Thus far, Segall says, the guild has received reports of writing violations but no complaints of improvisation. No disciplinary action has yet been taken.
Oscar-winning "Crash" screenwriter Paul Haggis, who had been rewriting the script for the next James Bond movie before the strike began, said star Daniel Craig might be facing something more unsettling than any Bond villain: blank pages. "There are scenes that are largely unfinished," Haggis said.
Nevertheless, Sony Pictures plans to start production on the 22nd Bond movie in January, in part because the studio needs to conclude filming before the Screen Actors Guild and Directors Guild of America contracts expire in June. The studio's hope is that the WGA strike will be over by the time the movie's finale needs to be shot.
Sony pulled the plug on "Angels & Demons" because its script still needed significant work. Other shelved projects at different studios include Oliver Stone's "Pinkville," Rob Marshall's musical "Nine" and Mira Nair's "Shantaram." "State of Play" is in turmoil because star Brad Pitt (but not producer Universal Studios) believes its screenplay isn't quite ready.
"Appaloosa's" Ed Harris and his co-writer, Robert Knott, said they not only had finished all of their script revisions before the strike started but also had been following their screenplay adaptation of the Robert B. Parker novel pretty much as written.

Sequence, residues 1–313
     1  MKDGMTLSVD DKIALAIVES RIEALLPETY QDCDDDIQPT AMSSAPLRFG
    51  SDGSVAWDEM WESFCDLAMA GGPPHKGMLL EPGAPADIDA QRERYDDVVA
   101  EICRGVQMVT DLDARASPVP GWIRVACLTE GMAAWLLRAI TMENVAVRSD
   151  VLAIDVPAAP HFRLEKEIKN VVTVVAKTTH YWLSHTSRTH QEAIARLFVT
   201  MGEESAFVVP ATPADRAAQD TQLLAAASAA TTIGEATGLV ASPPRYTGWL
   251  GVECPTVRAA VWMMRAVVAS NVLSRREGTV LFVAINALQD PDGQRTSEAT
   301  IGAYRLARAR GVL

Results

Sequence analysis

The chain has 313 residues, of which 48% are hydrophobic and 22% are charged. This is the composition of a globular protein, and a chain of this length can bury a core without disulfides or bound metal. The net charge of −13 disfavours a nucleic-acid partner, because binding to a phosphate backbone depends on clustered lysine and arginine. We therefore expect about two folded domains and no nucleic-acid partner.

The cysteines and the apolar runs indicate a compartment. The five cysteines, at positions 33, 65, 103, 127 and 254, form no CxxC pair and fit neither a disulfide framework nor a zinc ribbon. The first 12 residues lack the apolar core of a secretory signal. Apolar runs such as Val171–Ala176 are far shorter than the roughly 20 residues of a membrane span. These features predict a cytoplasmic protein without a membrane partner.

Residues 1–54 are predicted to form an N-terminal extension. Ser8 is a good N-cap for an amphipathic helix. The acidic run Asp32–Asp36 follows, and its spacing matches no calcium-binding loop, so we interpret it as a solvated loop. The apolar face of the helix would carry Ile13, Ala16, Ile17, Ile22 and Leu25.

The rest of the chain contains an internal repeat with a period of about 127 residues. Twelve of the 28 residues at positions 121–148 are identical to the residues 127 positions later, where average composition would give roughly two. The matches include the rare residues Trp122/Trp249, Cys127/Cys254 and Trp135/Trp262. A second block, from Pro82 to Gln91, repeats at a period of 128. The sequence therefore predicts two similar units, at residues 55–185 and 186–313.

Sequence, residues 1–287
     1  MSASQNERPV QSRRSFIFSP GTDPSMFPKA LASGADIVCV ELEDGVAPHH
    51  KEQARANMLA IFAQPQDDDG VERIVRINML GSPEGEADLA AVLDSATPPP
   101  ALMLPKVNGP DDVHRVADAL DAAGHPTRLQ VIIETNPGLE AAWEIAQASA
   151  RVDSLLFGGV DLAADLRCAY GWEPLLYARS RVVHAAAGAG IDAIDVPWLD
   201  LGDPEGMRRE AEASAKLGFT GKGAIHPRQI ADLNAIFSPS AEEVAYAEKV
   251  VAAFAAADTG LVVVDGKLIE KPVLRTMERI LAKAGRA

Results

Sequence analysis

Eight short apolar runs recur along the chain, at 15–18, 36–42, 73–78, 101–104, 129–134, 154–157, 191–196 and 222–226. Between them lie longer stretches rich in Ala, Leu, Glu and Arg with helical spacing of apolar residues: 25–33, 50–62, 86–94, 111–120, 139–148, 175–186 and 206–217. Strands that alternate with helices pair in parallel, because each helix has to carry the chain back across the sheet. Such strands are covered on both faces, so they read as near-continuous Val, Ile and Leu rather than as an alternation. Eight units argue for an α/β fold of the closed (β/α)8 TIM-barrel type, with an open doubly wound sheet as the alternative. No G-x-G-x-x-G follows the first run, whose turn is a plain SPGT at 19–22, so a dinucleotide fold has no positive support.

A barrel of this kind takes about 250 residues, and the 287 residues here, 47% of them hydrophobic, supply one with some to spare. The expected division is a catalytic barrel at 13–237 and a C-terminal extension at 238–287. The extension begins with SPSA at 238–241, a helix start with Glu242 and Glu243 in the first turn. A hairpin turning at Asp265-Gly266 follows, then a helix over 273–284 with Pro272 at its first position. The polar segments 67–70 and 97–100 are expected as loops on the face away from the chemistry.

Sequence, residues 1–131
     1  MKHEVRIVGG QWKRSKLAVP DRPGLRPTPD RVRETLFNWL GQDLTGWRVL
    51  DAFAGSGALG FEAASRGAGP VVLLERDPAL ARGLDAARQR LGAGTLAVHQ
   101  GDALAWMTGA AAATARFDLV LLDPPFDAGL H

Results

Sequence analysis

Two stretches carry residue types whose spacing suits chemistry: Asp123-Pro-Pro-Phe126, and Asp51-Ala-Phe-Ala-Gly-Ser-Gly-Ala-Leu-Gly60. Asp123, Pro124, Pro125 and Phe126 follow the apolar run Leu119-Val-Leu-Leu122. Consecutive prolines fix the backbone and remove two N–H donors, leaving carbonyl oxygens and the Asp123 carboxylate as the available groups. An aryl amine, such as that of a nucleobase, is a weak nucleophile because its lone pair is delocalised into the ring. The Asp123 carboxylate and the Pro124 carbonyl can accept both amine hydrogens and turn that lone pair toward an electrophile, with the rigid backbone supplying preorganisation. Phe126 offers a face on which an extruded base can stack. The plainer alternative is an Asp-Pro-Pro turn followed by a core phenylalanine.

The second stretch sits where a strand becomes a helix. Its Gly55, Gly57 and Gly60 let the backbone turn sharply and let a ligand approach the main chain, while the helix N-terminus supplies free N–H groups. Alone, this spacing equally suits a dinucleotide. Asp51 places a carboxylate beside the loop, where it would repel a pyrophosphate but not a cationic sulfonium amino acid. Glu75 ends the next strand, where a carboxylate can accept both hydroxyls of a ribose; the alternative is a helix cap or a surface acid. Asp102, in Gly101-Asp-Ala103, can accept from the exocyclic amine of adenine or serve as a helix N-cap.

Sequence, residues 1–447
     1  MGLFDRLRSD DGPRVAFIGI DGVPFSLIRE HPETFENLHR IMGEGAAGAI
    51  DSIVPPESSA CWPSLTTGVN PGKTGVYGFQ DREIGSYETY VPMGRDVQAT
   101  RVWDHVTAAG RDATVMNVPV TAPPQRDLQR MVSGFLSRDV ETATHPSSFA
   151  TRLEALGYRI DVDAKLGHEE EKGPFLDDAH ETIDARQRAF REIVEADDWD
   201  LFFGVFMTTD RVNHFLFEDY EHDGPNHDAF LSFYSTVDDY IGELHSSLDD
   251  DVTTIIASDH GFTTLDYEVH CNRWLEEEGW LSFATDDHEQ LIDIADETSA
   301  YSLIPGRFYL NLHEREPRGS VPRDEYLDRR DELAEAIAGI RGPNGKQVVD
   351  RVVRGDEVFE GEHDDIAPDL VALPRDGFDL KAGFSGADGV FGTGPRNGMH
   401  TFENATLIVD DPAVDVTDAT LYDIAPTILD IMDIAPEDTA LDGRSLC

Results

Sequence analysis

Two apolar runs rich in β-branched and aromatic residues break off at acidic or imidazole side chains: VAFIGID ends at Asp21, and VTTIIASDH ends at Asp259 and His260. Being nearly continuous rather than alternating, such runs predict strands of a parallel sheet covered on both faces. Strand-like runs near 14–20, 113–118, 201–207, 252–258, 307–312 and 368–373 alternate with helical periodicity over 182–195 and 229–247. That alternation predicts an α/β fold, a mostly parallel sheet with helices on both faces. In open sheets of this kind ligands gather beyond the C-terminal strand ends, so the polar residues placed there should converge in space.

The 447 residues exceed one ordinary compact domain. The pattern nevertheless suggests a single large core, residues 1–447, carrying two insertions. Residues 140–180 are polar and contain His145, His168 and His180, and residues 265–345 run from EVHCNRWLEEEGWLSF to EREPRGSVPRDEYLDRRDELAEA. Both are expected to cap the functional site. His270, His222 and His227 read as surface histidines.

Most "Appaloosa" changes are almost imperceptible. In the film's pre-strike script, Hitch said, "I killed a man in Tres Piedras years ago. . . . Only man I killed before I was a lawman." In production, the line became, "I shot a man in Tres Piedras years ago. . . . Only time I killed that wasn't legal."
"I am a member of the WGA, the DGA and SAG," said Harris, who strongly supports the strike. "And my understanding is if there's a change of a word or two, you're not breaking the rules."
Horn is a Times staff writer; Fernandez is a Times special correspondent.